imageThe Software Advice blog has started a series of short five minute interviews with Microsoft executives in charge of Dynamics technologies, and today’s one has caught my attention: it’s entitled Can Microsoft Dynamics ERP move to the cloud, and the interview was with Guy Weismantel, director of ERP Marketing at Microsoft.

Cloud computing is something that has been tickling my imagination ever since I first heard the term, and I’ve spent past couple of years not only thinking how to do something with the cloud, but actually doing it (stay tuned!), so it was interesting to see what’s Microsoft’s unofficial official position on ERP in cloud perspective, can it be done, should it be done, where is it all going, etc.

From this interview it’s obvious that Microsoft is very much aware of the paradigm shift being underway and that they are not missing the huge opportunity there. However, it is also clear that Microsoft doesn’t have a full cloud ERP offering either ready, or underway. They are focused on Azure platform, and they are leaving the cloud offerings in the domain of what they like to call the “partner opportunity".

That partner opportunity at this stage seems to be mostly in the area of value-adding applications which are build outside of ERP, hosted in the cloud, and then integrating back to on-premise, which is a logical first stem in the transformation, and Microsoft itself has already moved there with their online payment services.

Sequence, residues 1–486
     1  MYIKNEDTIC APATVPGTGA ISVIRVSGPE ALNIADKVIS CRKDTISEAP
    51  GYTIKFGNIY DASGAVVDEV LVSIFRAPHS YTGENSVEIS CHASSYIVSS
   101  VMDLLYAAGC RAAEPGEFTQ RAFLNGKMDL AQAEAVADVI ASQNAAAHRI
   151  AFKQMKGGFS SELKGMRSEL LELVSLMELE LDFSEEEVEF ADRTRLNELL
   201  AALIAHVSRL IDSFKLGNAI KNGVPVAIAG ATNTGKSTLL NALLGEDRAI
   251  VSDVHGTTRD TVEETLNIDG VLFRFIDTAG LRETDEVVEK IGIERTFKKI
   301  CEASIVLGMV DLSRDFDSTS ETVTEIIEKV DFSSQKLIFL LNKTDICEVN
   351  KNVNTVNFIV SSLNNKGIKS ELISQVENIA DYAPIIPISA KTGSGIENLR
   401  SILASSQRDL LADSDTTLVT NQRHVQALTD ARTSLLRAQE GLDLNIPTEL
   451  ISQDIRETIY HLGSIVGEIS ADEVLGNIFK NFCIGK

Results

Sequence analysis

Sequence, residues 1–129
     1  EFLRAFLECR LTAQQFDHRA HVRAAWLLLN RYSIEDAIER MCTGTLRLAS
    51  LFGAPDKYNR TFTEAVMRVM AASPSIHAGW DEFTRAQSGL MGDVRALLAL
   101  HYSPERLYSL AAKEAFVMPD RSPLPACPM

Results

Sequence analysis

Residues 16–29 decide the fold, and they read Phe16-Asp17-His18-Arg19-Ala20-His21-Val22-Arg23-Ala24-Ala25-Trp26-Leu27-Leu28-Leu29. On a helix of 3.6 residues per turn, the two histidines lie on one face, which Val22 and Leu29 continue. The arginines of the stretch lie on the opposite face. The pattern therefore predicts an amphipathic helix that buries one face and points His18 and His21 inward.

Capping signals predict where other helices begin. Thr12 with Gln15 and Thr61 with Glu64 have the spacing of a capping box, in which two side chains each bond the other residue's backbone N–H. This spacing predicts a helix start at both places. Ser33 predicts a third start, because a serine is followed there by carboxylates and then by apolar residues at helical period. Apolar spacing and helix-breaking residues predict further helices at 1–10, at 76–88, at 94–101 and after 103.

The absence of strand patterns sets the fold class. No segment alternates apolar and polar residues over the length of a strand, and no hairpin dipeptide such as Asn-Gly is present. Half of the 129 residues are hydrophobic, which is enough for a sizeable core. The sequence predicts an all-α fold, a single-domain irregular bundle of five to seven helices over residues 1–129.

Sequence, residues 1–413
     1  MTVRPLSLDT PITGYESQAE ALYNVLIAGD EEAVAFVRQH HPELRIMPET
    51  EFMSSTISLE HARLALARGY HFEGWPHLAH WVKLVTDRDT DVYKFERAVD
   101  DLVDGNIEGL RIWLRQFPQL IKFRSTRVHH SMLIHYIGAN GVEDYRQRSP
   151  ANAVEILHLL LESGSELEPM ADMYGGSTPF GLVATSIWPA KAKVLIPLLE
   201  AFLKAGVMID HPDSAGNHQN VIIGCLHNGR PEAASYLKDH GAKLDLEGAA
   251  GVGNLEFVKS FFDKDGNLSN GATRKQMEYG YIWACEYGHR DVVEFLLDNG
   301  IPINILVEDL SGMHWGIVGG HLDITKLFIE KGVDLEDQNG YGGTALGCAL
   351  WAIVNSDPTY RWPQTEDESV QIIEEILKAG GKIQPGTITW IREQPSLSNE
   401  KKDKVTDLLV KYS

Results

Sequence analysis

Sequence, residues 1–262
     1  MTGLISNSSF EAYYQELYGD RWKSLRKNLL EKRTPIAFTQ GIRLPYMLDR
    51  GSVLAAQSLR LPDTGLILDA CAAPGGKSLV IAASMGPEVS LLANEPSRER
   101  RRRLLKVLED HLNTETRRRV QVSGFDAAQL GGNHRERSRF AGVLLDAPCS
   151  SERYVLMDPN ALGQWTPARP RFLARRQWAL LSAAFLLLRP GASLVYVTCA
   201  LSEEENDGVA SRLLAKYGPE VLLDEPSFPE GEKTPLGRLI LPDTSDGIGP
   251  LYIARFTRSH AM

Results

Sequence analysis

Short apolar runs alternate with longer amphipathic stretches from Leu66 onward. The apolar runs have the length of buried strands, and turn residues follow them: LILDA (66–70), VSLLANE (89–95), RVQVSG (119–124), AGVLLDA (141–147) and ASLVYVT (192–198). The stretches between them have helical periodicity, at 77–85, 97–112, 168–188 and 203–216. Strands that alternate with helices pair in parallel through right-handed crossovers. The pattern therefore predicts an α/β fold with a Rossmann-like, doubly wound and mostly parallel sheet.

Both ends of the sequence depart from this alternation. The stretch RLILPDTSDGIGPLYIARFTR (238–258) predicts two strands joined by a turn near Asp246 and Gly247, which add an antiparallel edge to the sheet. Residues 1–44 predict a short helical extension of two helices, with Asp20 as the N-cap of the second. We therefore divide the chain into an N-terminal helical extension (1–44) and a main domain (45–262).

There was a direct question about whether Microsoft will build a full cloud ERP offering, and from the answer it seems quite clear that the focus is not there, but on growing the Azure platform into something that then can be used as a habitat for a range of applications integrating with ERP, but it also seems that Microsoft wants to be there at some yet undefined point in the future.

There seems to be also slight misconception in interviewer’s questioning, which is equating cloud with web, which is simply not the same thing. While cloud applications mostly are accessed through a browser, this is not a prerequisite. Cloud is more about self-provisioning and multi-tenancy (the latter is indeed a theme of the interview), than about web applications accessed through a browser. If you ask me, NAV is technically ready for full cloud offerings, some of them are already out, some of them will be soon (as I said, stay tuned Winking smile).

If you want to check my own angle at NAV in perspective of cloud computing, why not checking my latest article at – that’s precisely what I talked about. Check it at: Navigating the New Cloud Opportunities of Microsoft Dynamics NAV 2009 R2.

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